But if Harper suffers in justifying the long campaign, he suffers even more when it comes to an accounting of what he knew and what others in his office knew about the shoddy Duffy/Wright affair. The emails released during the first days when the Duffy trial resumed and the testimony of Nigel Wright under cross-examination by Duffy’s lawyer show Harper’s version is at variance with the revelations of his one-time close and most trusted advisors at the time the Duffy story broke. While Wright loyally maintains Harper knew, “in broad terms only that I assisted Harper” and not of the cheque affair, it is clear that more knew than Harper claimed.

The doubters, those who would not, could not, simply take Harper at his word about what he did or did not know had been on to something after all. After almost ten years, Harper’s word holds little value, too carefully crafted and full of “outs” about matters that, if not illegal, certainly appear ethically iffy and difficult to be taken seriously.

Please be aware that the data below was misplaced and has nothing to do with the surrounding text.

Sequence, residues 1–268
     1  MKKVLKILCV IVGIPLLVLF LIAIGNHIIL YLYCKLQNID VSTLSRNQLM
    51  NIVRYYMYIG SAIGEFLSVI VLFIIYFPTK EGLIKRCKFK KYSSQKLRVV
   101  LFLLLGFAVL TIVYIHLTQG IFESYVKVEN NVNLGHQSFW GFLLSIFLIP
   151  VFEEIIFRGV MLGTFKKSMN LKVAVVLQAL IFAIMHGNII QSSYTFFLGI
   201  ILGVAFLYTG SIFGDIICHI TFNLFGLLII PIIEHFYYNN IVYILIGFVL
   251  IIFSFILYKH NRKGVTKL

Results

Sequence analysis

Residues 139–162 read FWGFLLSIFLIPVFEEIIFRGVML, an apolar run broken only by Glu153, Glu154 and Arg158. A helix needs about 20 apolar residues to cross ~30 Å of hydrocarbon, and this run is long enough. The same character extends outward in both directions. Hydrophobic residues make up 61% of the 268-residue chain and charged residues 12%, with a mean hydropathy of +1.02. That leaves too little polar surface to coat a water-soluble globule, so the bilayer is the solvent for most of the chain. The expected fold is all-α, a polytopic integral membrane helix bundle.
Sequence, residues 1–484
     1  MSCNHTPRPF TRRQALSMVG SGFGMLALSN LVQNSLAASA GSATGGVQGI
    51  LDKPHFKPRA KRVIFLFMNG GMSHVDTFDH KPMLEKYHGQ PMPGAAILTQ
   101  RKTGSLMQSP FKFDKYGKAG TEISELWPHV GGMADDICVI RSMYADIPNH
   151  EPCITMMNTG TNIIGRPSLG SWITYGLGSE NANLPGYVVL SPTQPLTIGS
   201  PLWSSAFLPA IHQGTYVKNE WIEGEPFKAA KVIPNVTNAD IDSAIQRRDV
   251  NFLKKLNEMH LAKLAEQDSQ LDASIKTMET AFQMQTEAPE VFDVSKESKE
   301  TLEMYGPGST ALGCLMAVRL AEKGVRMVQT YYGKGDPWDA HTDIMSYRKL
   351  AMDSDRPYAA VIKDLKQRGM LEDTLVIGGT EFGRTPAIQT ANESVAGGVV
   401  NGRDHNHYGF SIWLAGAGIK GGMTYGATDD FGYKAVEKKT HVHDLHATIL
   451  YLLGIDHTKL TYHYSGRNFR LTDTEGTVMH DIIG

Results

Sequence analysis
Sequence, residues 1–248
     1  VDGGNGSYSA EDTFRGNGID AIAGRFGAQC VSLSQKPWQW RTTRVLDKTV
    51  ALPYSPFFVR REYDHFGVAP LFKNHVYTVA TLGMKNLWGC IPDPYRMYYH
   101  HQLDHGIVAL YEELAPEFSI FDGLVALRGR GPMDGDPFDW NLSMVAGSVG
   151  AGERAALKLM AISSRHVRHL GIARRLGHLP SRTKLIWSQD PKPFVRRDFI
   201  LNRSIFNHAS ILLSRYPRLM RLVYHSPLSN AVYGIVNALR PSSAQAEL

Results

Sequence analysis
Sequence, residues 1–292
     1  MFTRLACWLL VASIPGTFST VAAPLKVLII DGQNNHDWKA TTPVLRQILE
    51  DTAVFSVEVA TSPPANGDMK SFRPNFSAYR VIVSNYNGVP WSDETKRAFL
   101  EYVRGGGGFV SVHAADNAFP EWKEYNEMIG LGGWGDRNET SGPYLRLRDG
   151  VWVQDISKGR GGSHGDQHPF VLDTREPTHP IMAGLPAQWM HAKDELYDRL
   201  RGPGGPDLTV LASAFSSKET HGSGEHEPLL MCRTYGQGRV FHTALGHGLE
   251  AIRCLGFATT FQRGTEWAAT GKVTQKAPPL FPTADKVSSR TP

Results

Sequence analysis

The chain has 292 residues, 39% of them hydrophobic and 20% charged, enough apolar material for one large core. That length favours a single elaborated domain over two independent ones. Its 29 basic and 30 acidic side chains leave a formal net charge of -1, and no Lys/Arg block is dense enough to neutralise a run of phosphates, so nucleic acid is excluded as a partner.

When the Duffy trial resumed Aug. 12th, so did Stephen Harper’s, in a real sense, with Nigel Wright on the stand and with the release of copious emails. As Harper went on the hustings across the nation promising tax dollars on new programs, harsher punishment, more tax cuts and with the re-introduction of the home renovations program he had scrapped in 2010 but never quite able to get his message out as, each day, he was confronted with the same questions by reporters and responded with the same tired, worn, unconvincing line, that he knew nothing of the deal between Wright and Duffy and that, when he learned of it, had made all public and fired Wright.

You may want to believe him, after all he’s the leader of your country, but you just can’t. He’s lied too many times.

But some do believe him, willingly suspending their incredulity or simply too partisan, too ignorant if not downright stupid, to fret about ethics, honesty, and moral compasses; it’s about shared values having nothing to do with those touchy-feely things: What do I get out of it? is the real issue for such as these.